How to place a Silverlight control in a web page ?


Each Silverlight Application project can have multiple .xaml pages. When you create a new Silverlight Application project, Visual Studio creates a default .xaml file called Page1.xaml. To add more .xaml pages, right click on the project in the Solution Explorer and select "Add" and "New Item". Then select "Silverlight User Control"

One or more Silverlight Applications can be placed in a web page using xaml tags as shown below:
<asp:Silverlight ID="Xaml1" runat="server" Source="~/ClientBin/MySilverlightApp.xap" Width="300" Height="300" />

In the above tag, the attribute "source" represents the name of the xap file which is the compiled output of the Silverlight project. The .xap files contains the compiled version of all .xaml files included in the Silverlight Application project. When you compile the Silverlight Application project, it will be compiled to an assembly with the extension .xap. For example, if your Silverlight project name is "MySilverlightControl", when compiled, it will produce the assembly MySilverlightControl.xap Each Silverlight project can have multiple .xaml files. Each .xaml file is like a page or form by itself. When you place a Silverlight Application in a web page, only one .xaml control will be visible at a time. Based on various user actions, you may dynamically open various .xaml pages (Just like you open forms in a windows application).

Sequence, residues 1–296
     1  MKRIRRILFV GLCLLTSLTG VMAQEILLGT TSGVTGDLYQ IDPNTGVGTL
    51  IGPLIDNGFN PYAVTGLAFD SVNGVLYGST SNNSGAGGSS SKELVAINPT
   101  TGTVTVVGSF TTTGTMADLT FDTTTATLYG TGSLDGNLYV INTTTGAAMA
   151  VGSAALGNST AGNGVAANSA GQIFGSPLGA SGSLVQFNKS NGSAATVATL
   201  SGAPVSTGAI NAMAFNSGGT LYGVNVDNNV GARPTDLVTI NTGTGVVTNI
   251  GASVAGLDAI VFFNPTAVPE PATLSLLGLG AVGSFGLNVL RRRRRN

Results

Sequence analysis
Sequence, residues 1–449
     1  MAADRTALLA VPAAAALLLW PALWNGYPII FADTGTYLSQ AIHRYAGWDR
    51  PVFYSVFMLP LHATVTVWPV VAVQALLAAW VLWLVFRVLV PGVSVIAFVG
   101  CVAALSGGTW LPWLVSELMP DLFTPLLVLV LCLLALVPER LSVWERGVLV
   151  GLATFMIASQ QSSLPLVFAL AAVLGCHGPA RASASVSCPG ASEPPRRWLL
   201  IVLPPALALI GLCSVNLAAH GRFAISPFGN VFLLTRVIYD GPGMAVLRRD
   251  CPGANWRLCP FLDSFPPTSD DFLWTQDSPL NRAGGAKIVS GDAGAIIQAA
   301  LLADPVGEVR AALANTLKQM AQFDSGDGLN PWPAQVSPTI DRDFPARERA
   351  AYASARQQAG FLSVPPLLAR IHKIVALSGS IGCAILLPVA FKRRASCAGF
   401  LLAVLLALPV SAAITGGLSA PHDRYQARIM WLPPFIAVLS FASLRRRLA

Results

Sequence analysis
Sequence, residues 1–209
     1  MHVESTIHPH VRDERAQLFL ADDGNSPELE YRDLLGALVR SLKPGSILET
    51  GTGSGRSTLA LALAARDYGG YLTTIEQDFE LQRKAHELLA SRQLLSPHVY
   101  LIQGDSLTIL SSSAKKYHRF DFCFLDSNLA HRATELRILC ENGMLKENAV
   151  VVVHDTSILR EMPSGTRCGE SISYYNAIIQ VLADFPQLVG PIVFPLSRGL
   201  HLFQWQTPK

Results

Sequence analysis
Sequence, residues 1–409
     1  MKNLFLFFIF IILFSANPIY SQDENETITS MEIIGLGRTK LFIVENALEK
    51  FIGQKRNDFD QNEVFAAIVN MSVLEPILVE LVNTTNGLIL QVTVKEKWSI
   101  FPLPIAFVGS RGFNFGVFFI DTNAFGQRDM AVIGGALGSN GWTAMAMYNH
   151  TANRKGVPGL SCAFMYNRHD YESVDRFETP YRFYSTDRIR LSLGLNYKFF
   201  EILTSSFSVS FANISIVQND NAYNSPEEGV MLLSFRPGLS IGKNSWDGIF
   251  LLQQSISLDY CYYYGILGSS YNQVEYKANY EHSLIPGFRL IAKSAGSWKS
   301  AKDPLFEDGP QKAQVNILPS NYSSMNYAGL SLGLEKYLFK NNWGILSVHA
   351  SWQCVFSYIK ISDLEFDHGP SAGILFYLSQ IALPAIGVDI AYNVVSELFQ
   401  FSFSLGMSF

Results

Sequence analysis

How to set default .xaml page in a Silverlight control ?


Each Silverlight project can have multiple .xaml files. However, only one .xaml file will be visible at a time. When you create a Silverlight project in Visual Studio, it will create a .xaml file called "Page1.xaml" by default and this .xaml control will be displayed by default when you open the web page. You can change the default .xaml page by setting the property "Application.RootVisual". To try this, add a .xaml file called "Page2.xaml" in your silverlight project. Now, open your App.xaml.cs file in the Silverlight project. Look at the Application_Startup event handler. There you can see the default .xaml page being set. To change the default .xaml page, you have to specify the name of the class used in the .xaml page and set it to the Application.RootVisual property as shown below:
private void Application_Startup(object sender, StartupEventArgs e) { this.RootVisual = new Page2(); }

After you change the value here, compile the application and run. When the web page is opened, you can see that the new .xaml control is displayed in the web page.

How to open XAML pages from another XAML page ?


In a Silverlight application, you can have multiple XAML pages. When you use the .xap file in the web page, only one XAML control will be displayed at a time. The default XAML file displayed is determined by the following code in the App.xaml file:
this.RootVisual = new Page1();

You can change the above line to the class name of any oher xaml file to open that file by default. Another scenario is, you may want to open different xaml files from the default xaml page. For example, consider that you have a xaml control that prompt user to enter login information. After the login credentials are validated, you may want to redirect to another xaml file when the user click the "Submit" button. This can be done by setting the "Content" property of the xaml page.
private void SubmitButton_Click(object sender, RoutedEventArgs e) { this.Content = new NewXamlPage(); }